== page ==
According to senators Mike Lee (R., Utah) and Ted Cruz (R., Texas), the Department of Justice has long been favoring abortion clinics in its enforcement of accessibility laws, while declining to enforce said laws to protect houses of worship. The Freedom of Access to Clinic Entrances Act (FACE) prohibits the use of force or obstruction to prevent someone from obtaining “reproductive services,” but the same law also prohibits the obstruction of a place of religious worship.
The Justice Department has used FACE to pursue a number of cases involving abortion access, but, by its own admission, has not enforced the law in religious-freedom cases where individuals were harassed or attacked while attempting to attend a religious service. In response to an inquiry from Cruz and Lee earlier this year, the department claimed that its failure to pursue such cases was because other statutes “broader in scope” than FACE — such as statute 18 U.S.C. § 247 — exist to protect houses of worship.
In addition, the criminal provisions of FACE are broader than those of § 247, which criminalizes only violence and intimidation motivated by a specific animus toward the religion of a location or individual. Meanwhile, FACE criminalizes all intentional acts, regardless of the animus associated with them. Finally, FACE has a much lower prosecutorial bar than § 247, meaning that criminal cases can be pursued under FACE even when the Department of Justice doesn’t deem such a case strictly necessary for “substantial justice,” as § 247 requires.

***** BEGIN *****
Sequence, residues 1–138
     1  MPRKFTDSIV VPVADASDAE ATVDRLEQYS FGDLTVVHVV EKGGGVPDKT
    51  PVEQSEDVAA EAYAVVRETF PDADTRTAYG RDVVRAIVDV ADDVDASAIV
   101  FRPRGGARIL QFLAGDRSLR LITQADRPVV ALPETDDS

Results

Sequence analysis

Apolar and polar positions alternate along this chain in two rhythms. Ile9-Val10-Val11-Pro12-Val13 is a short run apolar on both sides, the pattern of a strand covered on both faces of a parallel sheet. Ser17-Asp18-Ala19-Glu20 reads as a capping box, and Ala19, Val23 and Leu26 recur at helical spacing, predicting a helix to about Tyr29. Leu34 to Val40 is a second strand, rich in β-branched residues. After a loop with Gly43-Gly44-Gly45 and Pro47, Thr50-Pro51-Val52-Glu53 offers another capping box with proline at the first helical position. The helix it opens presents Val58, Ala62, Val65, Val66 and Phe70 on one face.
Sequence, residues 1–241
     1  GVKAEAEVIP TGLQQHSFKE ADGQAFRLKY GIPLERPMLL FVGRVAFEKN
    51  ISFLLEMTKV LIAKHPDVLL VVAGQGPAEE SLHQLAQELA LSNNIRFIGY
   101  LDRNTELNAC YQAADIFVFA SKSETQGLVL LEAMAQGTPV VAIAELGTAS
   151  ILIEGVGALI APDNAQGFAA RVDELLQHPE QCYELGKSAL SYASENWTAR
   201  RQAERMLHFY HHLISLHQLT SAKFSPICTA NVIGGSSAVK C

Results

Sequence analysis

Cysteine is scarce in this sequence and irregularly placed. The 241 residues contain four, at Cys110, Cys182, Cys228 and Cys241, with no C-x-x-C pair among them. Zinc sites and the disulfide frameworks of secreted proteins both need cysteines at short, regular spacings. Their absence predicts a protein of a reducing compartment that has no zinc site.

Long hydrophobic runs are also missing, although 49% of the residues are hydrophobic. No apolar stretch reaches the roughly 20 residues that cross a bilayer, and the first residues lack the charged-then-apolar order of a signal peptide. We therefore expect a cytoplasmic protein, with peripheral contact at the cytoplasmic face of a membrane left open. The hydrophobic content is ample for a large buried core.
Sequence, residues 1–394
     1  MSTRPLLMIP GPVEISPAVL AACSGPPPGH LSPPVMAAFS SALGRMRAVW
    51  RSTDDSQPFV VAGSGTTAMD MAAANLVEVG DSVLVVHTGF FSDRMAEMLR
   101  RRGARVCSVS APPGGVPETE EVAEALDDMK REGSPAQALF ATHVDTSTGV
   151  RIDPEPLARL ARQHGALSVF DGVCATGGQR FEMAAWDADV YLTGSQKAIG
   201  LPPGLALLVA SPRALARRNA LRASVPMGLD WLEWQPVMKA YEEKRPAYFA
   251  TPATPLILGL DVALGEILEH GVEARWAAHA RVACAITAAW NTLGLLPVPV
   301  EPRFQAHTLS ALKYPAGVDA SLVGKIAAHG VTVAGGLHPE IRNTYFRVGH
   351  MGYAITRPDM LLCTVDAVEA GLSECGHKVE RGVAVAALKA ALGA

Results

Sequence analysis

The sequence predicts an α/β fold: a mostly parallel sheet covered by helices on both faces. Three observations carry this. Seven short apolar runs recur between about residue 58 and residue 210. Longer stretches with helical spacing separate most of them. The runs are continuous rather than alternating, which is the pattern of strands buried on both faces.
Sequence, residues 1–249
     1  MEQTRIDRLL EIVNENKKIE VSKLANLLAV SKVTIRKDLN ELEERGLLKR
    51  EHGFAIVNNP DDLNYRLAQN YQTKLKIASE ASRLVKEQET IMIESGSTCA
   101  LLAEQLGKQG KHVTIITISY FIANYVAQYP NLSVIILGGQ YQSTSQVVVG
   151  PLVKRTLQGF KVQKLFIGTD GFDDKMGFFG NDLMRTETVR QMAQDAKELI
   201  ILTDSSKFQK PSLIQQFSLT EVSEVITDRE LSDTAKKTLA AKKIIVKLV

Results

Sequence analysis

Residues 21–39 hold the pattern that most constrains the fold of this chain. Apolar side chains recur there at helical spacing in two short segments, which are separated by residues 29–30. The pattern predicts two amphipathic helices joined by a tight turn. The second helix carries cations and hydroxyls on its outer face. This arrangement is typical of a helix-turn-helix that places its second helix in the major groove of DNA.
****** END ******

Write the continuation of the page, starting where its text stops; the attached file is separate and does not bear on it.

As a result of these facts about FACE and § 247, Lee and Cruz assert that the Justice Department’s rationale for neglecting to pursue religious-freedom cases is fundamentally flawed. Even aside from the merits of FACE’s provisions, however, the senators note that the department does not have the authority to decide when and if a certain law merits enforcement. “If protection is extended to abortion clinics under FACE, then it ought to be extended to houses of worship suffering FACE violations as well,” they write.
Both senators had voiced these concerns earlier this year, but felt that the department had not adequately addressed them. They also have included in their letter a list of additional demands, including a request for records providing the date, location, organizations, discussions, conferences, and meetings related to either an abortion-access case or a religious-freedom case. With this information, Cruz and Lee hope to further substantiate their claim that the Justice Department favors abortion clinics over houses of worship.